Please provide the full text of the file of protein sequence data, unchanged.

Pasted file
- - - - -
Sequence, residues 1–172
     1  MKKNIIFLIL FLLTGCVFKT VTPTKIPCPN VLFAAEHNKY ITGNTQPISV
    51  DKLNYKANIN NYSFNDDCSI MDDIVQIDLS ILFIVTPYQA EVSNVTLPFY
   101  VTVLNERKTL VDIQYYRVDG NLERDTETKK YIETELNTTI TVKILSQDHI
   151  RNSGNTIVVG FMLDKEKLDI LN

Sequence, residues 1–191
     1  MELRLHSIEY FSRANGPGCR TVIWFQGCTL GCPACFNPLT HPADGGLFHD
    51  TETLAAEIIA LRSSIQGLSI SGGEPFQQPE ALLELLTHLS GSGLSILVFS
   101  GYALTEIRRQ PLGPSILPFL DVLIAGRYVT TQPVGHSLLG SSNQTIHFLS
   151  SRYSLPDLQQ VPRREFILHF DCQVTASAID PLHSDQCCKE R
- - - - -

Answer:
Sequence, residues 1–172
     1  MKKNIIFLIL FLLTGCVFKT VTPTKIPCPN VLFAAEHNKY ITGNTQPISV
    51  DKLNYKANIN NYSFNDDCSI MDDIVQIDLS ILFIVTPYQA EVSNVTLPFY
   101  VTVLNERKTL VDIQYYRVDG NLERDTETKK YIETELNTTI TVKILSQDHI
   151  RNSGNTIVVG FMLDKEKLDI LN

Sequence, residues 1–191
     1  MELRLHSIEY FSRANGPGCR TVIWFQGCTL GCPACFNPLT HPADGGLFHD
    51  TETLAAEIIA LRSSIQGLSI SGGEPFQQPE ALLELLTHLS GSGLSILVFS
   101  GYALTEIRRQ PLGPSILPFL DVLIAGRYVT TQPVGHSLLG SSNQTIHFLS
   151  SRYSLPDLQQ VPRREFILHF DCQVTASAID PLHSDQCCKE R